Registered Debt, being claims registered prior to the year 1793, for services and supplies during the revolutionary war 27,919 85
Treasury notes 7,116 00
Mississippi stock 4,320 09 ______________ 39,355 94
Making the whole amount of the Public
Debt of the United States 24,322,235 18
Which is, allowing 480 cents to the
sovereign, in sterling money L5,067,132 6_s_. 7_d_.
General Jackson has proposed another source of national revenue, in the establishment of a bank; the profits of which, instead of going into the pockets of stock-holders as at present, should be placed to the credit of the nation. If an establishment of this nature could be formed, without involving higher interests than the mere pecuniary concerns of the country, no doubt it would be most desirable. But how a government bank could be so formed as that it should not throw immense and dangerous influence into the hands of the executive, appears difficult to determine. If it be at all connected with the government, the executive must exercise an extensive authority over its affairs; and in that case, the mercantile portion of the community would lie completely under the surveillance of the president, who might at pleasure exercise this immense patronage to forward private political designs. No doubt there have been abuses to a considerable extent practised by the present bank of the United States in the exercise of its functions; but how those abuses are likely to be remedied by Jackson’s plan, does not appear. For, let the directors be appointed by government, or elected by congress, they must still exercise discretional power; and they are quite as likely to exercise it unwarrantably as those who have a direct interest in the prosperity of the concern. I totally disapprove of the attempt to correct the abuses of one monopoly by the establishment of another in its stead, of a still more dangerous character; and I am inclined to think that if two banks were chartered instead of one, each having ample capital to insure public confidence, competition alone would furnish a sufficient motive to induce them to act with justice and liberality towards the public.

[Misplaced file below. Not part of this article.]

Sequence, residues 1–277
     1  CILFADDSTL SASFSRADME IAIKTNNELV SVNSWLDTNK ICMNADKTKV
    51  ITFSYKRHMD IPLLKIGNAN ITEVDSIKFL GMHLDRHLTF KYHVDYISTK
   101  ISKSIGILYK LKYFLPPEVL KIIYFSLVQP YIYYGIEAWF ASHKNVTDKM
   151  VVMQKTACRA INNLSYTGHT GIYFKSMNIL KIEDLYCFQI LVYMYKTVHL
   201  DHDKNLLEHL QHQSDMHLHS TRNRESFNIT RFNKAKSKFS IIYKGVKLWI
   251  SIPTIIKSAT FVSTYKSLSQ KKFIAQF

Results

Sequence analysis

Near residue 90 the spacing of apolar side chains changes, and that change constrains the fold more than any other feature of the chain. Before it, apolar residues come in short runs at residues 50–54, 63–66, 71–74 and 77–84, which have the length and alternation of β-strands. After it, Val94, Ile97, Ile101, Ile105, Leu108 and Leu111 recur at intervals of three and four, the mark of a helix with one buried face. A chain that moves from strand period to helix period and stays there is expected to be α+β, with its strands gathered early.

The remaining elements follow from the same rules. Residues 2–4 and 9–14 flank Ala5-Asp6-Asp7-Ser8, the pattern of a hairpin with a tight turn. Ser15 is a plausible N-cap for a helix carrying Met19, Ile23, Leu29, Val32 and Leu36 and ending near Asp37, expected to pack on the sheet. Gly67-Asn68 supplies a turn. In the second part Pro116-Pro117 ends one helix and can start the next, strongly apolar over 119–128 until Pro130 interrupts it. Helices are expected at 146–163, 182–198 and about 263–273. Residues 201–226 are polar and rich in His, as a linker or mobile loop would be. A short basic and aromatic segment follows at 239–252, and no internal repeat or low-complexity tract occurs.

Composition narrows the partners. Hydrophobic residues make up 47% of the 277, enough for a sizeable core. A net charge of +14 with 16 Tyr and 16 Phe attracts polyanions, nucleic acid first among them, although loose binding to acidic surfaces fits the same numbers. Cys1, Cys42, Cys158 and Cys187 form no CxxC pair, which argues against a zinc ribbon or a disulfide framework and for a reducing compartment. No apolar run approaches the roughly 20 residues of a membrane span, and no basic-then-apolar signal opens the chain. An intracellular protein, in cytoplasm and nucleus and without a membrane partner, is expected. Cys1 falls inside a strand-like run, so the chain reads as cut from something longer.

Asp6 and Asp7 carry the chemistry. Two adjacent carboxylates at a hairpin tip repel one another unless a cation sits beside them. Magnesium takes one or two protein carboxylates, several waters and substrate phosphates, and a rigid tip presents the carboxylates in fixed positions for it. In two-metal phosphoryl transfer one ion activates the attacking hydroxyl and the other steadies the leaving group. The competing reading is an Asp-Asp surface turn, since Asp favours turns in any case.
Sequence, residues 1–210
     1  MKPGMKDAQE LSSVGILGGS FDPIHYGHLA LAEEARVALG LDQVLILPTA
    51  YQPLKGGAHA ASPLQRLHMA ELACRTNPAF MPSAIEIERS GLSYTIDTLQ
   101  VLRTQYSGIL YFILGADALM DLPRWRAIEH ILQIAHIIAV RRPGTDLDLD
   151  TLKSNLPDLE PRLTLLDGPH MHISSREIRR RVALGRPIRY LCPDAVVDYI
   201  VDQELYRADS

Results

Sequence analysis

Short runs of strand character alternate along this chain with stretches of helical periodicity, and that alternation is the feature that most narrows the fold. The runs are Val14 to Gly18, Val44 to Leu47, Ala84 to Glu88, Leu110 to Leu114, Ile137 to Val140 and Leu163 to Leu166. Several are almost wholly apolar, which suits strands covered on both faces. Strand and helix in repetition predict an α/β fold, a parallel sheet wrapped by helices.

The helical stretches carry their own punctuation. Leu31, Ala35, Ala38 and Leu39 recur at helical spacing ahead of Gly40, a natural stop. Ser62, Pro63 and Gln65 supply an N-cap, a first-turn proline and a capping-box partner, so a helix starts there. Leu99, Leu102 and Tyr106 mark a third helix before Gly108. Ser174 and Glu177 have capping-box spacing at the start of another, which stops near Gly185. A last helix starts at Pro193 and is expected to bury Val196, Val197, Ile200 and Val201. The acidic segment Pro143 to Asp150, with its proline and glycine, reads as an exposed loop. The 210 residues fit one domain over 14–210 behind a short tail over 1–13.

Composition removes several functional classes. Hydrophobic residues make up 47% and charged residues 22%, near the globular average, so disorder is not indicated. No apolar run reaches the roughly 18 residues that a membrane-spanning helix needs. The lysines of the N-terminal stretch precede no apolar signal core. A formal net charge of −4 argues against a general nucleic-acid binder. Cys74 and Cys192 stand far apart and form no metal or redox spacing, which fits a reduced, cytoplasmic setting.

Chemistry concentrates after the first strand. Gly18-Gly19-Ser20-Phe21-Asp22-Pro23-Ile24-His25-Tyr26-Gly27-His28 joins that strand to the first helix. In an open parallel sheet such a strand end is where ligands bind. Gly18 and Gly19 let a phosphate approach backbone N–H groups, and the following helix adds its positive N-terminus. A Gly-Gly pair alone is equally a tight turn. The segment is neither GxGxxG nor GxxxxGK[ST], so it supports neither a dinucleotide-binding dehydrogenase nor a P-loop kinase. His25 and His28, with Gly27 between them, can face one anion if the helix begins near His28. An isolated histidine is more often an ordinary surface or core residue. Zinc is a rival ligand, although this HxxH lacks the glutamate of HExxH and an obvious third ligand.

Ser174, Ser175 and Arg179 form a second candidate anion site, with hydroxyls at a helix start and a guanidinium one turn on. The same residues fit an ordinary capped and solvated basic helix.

In 1766, Kentucky was first explored, by John Finlay, an Indian trader, Colonel Daniel Boon, and others. They again visited it in 1769, when the whole party, excepting Boon, were slain by the Indians—he escaped, and reached North Carolina, where he then resided. Accompanied by about forty expert hunters, comprised in five families, in the year 1775, he set forward to make a settlement in the country. They erected a fort on the banks of the Kentucky river, and being joined by several other adventurers, they finally succeeded. The Kentuckians tell of many a bloody battle fought by these pioneers, and boast that their country has been gained, every inch, by conquest.